Monday, August 22, 2022

Colleges that Don't Seem to Help

The New York Times just published a follow up on this 2019 study:

Last year, 16 million students enrolled in an institution of higher education. Their number one reason for doing so: to get a good job that provides for a financially secure future. In practical terms, that means earning more than they would have if they never pursued a postsecondary education in the first place. Yet, employment data from the US Department of Education (Department) show that many institutions are failing to meet this expectation for most of their students. Last year alone, more than half of institutions left the majority of their students earning less than $28,000—the typical salary of a high school graduate. 

"Institutions" includes every sort of school for which you can get a federal loan, including 4-year colleges, community colleges, and trade schools. The survey point for this study was 6 years after entering the institutions, so two years out for students who finished a four-year college in four years.

There are a couple of caveats to make here. One is that the average time to complete a four-year degree is now over five years, so six years is not that far along in their careers. I haven't seen any recent numbers but I imagine many community college students also take extra time to finish. Another is that while a degree might not help right away, it might eventually help graduates rise higher in their companies or agencies. And this is what the New York Times found; measured ten years after entering school, more than 70 percent of schools had raised the salaries of more than half their graduates. Still, that means that nearly 30 percent of institutions did not meet this threshold. It's easy to blame the schools for this, and no doubt many of them are awful. But I suspect a bigger factor is the students; as far as I can see, the bottom line is that many students who pursue higher education in America are not interested or well prepared enough to get anything out of it. Where trade schools are concerned, it turns out that the main thing many students learn is that they don't want to do that kind of work. (I have two acquaintances who graduated from accredited massage schools but decided they hated doing massage.)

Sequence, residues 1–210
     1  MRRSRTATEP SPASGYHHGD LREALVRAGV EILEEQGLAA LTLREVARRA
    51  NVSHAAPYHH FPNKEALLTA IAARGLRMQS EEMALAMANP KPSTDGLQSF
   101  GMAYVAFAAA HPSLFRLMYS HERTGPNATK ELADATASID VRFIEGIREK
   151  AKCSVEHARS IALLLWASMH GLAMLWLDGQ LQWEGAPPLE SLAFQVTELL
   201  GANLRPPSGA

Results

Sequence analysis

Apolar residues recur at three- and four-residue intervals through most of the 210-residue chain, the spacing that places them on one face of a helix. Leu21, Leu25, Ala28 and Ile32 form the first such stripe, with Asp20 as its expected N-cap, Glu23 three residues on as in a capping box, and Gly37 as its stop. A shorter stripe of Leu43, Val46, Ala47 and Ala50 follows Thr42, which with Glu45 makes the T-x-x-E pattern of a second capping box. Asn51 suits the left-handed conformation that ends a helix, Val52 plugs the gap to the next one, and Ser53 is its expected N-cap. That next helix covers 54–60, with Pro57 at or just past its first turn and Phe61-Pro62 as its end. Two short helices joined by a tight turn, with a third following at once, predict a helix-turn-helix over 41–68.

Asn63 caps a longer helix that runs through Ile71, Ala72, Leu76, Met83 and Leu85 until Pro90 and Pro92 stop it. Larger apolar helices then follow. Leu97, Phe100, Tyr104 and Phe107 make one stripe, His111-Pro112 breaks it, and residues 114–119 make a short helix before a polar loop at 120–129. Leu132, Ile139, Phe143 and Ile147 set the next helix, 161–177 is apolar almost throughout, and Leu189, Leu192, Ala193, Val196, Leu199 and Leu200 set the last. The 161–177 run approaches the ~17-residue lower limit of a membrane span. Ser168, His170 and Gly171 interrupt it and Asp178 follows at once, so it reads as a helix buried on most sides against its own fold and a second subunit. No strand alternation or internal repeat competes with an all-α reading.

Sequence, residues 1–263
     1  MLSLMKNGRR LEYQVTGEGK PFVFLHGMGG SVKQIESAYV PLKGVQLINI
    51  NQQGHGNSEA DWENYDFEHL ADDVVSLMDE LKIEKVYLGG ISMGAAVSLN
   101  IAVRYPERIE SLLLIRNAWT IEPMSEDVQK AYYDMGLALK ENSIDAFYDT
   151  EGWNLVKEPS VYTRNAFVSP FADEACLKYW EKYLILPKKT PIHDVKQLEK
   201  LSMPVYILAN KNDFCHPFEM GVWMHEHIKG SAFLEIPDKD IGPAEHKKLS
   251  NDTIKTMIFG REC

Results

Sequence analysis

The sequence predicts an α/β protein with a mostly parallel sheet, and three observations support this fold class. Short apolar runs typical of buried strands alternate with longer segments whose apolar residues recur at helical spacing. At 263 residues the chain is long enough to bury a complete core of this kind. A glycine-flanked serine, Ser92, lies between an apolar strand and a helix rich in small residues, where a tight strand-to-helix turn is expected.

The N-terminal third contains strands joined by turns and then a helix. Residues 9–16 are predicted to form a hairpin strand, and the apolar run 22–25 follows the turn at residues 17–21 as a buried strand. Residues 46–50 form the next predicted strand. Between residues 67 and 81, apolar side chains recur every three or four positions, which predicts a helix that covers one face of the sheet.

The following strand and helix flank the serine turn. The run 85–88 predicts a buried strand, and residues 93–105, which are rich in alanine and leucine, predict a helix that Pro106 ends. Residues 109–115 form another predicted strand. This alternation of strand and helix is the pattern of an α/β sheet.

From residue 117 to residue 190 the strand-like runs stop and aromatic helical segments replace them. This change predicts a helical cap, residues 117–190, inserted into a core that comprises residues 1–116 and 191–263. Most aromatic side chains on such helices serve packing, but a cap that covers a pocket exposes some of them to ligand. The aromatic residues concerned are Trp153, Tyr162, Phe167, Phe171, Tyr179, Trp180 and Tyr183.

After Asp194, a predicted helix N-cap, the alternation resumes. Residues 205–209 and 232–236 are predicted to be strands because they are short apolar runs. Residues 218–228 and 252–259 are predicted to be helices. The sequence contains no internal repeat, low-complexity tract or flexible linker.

I think this is one of the main factors driving dissatisfaction in America. The system has been screaming at kids for decades that they need to get more education so they can have a good career, but in fact many people find that education doesn't help and they still end up in low-paid, dead-end jobs. With extra debt. Others find that they hate school too much to finish, or to put in the work needed to really get anything out of it.

There is simply a huge mismatch between what our economy demands and what many people want and are able to do. 

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